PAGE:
Van’s lawsuit could threaten kitplane industry
Van’s president, Scott Risan has indicated the $35 million lawsuit filed against Van’s Aircraft in Oregon, could result in damage to the whole kit aircraft business.
During an interview with Reuters, Risan explained it’s not just Van’s that will be on trial and warned “It’s up to the builder to use good judgment when they are building and maintaining the airplane. The lawsuit seems to be kind of attacking the industry in general and that’s unfortunate.”
The lawsuit has been filed by the family of a four-year-old girl who died in an RV-10 flown by her step-grandfather. They claimed that the kit manufacturers have created an arbitrary expectation that low skilled people can successfully build safe aircraft.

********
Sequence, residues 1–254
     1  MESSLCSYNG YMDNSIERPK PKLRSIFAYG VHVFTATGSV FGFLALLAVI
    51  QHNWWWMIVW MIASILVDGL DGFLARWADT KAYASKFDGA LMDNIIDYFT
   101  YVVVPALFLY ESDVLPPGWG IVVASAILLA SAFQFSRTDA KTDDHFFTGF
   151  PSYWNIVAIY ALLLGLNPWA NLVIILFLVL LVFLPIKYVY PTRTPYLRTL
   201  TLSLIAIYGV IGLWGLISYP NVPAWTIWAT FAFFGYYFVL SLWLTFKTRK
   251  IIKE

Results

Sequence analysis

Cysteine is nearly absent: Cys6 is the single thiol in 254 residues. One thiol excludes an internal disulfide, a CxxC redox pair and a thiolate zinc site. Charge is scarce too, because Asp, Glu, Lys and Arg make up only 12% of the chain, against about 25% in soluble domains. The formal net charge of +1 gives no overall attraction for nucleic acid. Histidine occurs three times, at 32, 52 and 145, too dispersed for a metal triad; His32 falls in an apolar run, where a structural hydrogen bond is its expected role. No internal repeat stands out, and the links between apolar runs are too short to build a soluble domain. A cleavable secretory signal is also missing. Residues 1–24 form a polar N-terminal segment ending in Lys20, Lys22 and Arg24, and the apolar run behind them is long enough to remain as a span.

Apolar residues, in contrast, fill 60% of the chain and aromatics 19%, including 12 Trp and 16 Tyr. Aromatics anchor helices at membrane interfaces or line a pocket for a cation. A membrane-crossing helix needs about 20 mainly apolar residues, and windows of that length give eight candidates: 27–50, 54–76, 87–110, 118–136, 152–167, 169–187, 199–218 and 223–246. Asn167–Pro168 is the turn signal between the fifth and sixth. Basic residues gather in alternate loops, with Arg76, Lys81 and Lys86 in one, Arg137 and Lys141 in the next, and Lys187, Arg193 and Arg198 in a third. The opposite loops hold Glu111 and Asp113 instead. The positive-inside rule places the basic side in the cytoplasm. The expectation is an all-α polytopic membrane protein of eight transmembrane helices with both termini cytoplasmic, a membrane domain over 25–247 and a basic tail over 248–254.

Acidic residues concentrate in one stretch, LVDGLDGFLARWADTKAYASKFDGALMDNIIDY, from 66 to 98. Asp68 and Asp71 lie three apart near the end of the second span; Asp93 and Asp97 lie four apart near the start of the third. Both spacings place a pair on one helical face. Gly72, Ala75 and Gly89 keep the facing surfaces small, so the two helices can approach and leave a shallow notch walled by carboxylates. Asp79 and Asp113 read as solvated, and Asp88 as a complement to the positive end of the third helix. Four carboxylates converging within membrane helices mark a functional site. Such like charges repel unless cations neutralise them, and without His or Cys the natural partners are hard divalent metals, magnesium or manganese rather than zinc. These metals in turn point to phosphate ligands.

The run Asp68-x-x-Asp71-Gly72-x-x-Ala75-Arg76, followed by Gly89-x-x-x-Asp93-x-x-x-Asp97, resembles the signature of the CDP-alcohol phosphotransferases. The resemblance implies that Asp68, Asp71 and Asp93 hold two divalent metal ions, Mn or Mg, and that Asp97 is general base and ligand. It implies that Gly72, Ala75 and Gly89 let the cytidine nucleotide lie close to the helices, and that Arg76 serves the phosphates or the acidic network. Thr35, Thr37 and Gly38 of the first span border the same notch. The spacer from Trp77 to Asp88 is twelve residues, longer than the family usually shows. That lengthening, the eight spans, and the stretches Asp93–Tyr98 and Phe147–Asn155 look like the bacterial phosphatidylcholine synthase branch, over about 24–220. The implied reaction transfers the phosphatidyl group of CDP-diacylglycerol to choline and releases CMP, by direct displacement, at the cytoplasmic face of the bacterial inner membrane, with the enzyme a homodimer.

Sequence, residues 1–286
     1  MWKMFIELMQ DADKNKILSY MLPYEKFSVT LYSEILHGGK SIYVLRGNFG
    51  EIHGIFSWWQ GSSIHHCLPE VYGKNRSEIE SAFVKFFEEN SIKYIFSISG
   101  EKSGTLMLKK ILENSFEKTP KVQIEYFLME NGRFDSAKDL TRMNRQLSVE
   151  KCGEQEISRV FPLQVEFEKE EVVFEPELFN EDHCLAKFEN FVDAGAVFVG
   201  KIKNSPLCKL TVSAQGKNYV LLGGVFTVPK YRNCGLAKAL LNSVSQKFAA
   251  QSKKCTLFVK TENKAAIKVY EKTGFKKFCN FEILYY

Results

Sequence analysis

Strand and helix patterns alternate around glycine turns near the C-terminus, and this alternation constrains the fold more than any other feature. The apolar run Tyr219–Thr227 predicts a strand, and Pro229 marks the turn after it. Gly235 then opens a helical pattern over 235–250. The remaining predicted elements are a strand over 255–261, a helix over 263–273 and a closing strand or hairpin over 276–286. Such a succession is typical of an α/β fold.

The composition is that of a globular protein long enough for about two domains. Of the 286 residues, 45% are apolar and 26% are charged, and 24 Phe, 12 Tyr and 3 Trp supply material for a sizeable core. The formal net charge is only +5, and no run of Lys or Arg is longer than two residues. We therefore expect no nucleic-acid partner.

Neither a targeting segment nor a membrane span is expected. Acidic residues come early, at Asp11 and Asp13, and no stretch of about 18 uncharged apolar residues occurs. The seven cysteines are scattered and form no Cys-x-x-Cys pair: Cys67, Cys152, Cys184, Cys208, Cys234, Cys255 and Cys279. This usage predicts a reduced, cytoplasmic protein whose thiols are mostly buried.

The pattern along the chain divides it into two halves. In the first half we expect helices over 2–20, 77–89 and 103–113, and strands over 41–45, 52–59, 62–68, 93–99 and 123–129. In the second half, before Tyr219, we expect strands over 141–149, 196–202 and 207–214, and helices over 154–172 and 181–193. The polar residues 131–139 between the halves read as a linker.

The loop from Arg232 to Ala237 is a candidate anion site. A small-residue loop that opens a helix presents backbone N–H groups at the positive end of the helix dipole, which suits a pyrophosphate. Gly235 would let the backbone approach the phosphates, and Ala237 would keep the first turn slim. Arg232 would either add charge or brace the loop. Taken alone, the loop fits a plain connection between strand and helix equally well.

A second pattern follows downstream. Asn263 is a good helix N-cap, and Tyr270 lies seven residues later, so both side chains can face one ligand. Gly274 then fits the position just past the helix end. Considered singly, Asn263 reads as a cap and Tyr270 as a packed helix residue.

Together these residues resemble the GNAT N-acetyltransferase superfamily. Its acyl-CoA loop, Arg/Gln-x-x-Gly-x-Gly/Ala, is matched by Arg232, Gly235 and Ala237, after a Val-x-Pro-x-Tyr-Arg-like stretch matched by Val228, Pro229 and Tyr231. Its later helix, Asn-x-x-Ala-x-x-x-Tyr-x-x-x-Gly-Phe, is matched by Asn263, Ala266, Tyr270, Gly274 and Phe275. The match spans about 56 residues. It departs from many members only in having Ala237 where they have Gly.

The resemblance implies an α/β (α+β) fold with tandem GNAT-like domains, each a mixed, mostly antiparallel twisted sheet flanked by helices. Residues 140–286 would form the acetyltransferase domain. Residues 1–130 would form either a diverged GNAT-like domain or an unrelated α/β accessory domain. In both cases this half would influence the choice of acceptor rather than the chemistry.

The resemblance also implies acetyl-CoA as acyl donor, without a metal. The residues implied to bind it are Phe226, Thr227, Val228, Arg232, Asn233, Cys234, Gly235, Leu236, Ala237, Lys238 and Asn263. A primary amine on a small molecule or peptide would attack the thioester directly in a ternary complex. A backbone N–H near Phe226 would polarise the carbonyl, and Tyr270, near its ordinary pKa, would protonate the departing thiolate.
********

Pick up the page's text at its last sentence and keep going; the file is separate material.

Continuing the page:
In May 2014, Doug Nebert, an experienced RV builder from Newport, Oregon, crashed his RV-10 during take off from Toledo after experiencing engine trouble. Both Nebert and his step-granddaughter Zoe Wahl died and Zoe’s mother April Gleason was severely injured.
The family’s lawyer Matthew Clarke, has blamed the combination of inadequate building instructions and faulty Floscan Instruments in the suit, claiming the fuel flow transducer supplied by Reuters was unsafe. However the National Transportation Safety Board blamed Nebert’s “improper maintenance practices”, claiming a blocked fuel line in a recently installed fuel flow transducer caused the loss of engine power, resulting in the crash. The suit alleges a bypass around the transducer would have prevented the blockage.
Story attributed to Russ Niles, ABweb. Read the original news story here.